No administration has been able to tackle the inherent issues of the GSEs. It is likely that the Biden administration will try. The question is whether the GSEs should be privatized or remain an agency of the U.S. government. Either way, the taxpayer will likely always have exposure if they continue to demand low long-term rates. FHA UPDATES COVID-19 FOREBEARANCE START DATE “Effective immediately, this ML extends through March 31, 2021, the deadline for single-family borrowers with FHA-insured mortgages to request an initial COVID-19 forbearance from their mortgage servicer to defer or reduce their mortgage payments for up to six months. If needed, this forbearance can be extended for an additional six months. This ML also extends the deadline to request the initial extension period for HECM borrowers impacted by the COVID-19 pandemic.” - HUD

NEW SECRETARY OF HUD ANNOUNCED President Joe Biden has chosen Rep Marcia Fudge from Ohio to be the next secretary of HUD. The announcement was welcomed with open arms by many housing trade groups. Marcia will replace Ben Carson, who was appointed by President Trump, and who had little to no experience in housing.

“On behalf of MBA, I congratulate Rep. Marcia Fudge on being selected to be nominated as the Secretary of HUD,” said Robert Broeksmit, Mortgage Bankers Association president and CEO. “While the housing market has been one of the few economic bright spots during the pandemic, HUD will play a central role in addressing a number of important challenges in the post-pandemic recovery, including how to resolve the mortgage forbearance afforded to more than 800,000 borrowers who have loans insured by FHA. Also, the new administration will tackle the ongoing housing affordability crisis affecting both homeowners and renters,” Broeksmit said.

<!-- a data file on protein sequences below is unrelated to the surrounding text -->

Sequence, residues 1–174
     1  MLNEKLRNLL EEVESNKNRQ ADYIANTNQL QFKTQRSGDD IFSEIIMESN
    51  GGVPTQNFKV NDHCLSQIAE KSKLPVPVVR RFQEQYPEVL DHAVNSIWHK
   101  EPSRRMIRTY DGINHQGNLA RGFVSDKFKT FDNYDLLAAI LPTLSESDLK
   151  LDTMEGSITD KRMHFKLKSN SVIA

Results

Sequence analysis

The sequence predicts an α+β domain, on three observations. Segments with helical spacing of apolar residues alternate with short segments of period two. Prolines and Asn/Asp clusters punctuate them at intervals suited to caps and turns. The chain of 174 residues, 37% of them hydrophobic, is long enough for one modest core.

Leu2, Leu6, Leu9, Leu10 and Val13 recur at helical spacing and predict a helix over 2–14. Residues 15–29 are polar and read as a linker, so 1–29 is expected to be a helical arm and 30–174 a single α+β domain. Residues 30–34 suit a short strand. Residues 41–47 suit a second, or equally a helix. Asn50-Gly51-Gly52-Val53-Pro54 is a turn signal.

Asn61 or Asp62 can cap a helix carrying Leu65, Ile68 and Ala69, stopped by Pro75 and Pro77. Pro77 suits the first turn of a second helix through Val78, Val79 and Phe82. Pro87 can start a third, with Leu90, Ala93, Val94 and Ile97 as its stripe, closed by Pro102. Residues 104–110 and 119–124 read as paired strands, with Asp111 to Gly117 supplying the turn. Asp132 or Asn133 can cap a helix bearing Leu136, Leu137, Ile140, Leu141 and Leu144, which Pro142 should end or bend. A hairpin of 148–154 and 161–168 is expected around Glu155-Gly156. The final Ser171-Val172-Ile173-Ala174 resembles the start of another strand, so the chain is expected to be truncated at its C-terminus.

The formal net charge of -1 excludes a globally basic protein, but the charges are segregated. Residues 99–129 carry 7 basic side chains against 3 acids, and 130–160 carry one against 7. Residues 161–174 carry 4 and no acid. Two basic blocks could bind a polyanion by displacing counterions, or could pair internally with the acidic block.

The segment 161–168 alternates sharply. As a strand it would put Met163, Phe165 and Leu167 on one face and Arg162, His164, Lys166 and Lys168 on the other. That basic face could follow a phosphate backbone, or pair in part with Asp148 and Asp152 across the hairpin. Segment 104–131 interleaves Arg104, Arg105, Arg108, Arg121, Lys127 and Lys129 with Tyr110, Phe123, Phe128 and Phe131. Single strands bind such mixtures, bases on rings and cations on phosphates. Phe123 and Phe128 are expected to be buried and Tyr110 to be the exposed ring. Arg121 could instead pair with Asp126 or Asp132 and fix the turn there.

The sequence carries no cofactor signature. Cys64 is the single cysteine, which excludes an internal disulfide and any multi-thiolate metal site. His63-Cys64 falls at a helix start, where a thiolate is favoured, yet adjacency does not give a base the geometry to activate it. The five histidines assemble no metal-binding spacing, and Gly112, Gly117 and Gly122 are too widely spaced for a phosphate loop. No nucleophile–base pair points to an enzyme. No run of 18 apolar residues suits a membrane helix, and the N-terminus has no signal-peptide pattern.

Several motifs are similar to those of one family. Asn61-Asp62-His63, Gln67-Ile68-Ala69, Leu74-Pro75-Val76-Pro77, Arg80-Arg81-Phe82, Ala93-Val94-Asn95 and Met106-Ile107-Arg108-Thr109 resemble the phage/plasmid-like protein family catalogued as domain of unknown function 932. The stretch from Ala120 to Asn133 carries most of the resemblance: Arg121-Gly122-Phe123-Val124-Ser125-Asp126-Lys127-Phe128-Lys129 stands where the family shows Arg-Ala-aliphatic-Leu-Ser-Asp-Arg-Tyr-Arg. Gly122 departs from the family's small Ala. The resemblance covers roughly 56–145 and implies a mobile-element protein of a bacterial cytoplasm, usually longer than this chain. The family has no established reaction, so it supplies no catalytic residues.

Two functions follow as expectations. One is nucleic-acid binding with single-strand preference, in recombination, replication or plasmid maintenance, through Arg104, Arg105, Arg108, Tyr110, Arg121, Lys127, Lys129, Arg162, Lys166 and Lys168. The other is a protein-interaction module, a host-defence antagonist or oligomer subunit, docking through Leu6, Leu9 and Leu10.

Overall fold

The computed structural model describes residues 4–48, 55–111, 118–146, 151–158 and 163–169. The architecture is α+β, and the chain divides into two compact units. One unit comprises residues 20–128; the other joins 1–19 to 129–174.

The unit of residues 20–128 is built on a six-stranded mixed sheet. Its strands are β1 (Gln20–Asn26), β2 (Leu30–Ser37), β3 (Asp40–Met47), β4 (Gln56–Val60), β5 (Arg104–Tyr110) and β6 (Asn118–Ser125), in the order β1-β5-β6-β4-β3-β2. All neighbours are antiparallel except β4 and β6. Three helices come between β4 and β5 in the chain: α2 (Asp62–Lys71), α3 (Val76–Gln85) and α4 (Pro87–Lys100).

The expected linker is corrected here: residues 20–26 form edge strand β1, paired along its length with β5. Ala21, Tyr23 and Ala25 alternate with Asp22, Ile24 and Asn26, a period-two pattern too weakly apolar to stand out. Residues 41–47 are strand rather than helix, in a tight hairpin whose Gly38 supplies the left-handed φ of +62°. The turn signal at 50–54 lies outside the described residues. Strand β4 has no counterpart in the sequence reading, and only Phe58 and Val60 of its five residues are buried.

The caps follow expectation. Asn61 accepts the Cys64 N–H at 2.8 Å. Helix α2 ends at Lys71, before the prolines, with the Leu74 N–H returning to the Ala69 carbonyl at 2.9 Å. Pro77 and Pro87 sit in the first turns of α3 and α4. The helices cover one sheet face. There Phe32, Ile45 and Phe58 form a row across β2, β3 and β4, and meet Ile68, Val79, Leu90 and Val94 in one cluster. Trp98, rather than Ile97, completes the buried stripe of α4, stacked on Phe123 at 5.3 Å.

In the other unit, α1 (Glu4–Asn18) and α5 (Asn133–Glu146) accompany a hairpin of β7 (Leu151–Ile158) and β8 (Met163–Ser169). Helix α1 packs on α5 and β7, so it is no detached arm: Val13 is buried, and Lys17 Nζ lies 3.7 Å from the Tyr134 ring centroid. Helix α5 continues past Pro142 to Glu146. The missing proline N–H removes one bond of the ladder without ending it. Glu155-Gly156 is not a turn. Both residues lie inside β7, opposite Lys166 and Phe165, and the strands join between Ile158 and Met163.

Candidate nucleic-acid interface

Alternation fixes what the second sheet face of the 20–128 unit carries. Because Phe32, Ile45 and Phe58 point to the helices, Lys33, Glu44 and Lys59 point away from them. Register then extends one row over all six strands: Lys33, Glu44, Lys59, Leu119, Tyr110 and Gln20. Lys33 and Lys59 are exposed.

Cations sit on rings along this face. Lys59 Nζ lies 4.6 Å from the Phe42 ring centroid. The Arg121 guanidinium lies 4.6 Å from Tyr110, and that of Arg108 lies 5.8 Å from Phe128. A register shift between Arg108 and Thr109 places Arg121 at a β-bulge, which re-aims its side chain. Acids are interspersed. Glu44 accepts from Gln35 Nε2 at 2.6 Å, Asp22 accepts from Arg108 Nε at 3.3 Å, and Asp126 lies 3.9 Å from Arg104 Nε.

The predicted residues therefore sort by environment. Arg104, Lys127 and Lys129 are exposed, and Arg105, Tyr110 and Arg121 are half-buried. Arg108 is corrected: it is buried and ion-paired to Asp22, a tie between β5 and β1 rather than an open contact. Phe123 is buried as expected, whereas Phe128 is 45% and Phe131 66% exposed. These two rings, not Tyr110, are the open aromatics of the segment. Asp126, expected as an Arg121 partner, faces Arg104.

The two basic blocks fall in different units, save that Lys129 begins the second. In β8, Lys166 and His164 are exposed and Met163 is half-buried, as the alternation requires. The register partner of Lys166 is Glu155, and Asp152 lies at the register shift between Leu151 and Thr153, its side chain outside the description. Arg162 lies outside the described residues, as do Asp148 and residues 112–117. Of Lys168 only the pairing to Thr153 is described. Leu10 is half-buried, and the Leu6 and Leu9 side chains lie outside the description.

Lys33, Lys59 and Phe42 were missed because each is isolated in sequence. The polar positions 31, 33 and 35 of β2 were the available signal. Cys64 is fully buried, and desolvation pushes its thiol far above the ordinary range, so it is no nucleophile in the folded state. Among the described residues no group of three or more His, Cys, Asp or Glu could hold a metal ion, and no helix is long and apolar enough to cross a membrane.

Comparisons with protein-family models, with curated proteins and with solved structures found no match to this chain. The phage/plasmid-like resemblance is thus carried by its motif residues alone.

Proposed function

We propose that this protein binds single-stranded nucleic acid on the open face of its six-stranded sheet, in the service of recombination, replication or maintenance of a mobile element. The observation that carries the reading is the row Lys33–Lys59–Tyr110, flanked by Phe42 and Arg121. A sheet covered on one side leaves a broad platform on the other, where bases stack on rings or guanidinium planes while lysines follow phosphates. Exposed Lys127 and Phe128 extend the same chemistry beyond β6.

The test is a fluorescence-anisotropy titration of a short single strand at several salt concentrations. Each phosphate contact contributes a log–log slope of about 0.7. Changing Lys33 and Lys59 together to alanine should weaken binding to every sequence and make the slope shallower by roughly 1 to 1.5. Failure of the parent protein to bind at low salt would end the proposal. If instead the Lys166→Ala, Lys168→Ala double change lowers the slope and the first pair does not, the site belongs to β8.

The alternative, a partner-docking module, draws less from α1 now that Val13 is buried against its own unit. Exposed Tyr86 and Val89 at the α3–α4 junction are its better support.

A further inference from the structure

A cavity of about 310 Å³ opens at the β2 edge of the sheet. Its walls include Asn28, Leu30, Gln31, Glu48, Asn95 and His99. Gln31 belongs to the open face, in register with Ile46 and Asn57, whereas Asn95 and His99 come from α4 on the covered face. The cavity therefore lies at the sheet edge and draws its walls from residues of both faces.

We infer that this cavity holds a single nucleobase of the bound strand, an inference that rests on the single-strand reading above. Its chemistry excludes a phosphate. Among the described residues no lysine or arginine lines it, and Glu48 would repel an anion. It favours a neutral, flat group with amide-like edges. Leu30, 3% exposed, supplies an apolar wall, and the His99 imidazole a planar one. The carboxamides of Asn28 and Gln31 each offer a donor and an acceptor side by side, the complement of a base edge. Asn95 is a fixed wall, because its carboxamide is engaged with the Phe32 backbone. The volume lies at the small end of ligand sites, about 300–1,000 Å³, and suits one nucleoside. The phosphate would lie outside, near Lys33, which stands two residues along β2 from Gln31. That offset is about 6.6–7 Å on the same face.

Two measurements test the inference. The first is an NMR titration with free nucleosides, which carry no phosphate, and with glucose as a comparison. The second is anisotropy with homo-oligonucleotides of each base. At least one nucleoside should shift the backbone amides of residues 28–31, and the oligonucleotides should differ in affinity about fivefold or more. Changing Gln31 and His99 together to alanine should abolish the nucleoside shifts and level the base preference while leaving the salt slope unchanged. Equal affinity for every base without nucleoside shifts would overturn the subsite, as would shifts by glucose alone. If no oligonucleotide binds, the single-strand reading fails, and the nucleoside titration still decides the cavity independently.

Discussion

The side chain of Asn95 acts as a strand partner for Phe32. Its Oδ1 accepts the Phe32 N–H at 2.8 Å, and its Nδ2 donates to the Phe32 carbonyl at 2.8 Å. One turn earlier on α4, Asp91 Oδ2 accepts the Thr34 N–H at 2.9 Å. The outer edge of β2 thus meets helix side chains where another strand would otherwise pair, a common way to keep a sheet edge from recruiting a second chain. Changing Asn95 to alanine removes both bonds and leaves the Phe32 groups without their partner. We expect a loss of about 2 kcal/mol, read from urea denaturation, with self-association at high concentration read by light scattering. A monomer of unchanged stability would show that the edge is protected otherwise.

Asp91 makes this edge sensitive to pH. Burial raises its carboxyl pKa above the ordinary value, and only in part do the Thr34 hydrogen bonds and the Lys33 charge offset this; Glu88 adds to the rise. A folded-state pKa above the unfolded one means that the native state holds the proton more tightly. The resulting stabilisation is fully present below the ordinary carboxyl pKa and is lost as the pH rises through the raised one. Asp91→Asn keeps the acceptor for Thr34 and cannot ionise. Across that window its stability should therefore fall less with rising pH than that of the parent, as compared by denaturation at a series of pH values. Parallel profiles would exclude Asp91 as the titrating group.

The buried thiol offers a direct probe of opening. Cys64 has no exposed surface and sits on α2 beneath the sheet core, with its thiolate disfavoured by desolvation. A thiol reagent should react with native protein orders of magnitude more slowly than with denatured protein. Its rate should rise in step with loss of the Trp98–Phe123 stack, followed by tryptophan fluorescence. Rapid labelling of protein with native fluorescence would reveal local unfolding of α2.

“NAHB congratulates Rep. Fudge on her selection as HUD secretary,” NAHB Chairman Chuck Fowke said. “Upon her confirmation to the Cabinet post, NAHB looks forward to working with Secretary Fudge to enact a robust rental assistance program to help millions of renters and small business property owners who have been hurt by the COVID-19 pandemic. We also seek to work together to ensure qualified homebuyers have access to housing credit and to promote affordable homeownership and rental housing opportunities for all Americans.”

“As HUD secretary, Rep. Fudge will use her considerable intellect and energy to ensure that every American has a safe, secure place to call home,” said Mara Rudman, Center for American Progress executive vice president for policy. “For many years, Rep. Fudge has advocated for affordable housing and fought housing discrimination in rural and urban communities alike. Through her years as a mayor and congresswoman, she has shown a deep commitment to using federal policy to better communities and people’s lives.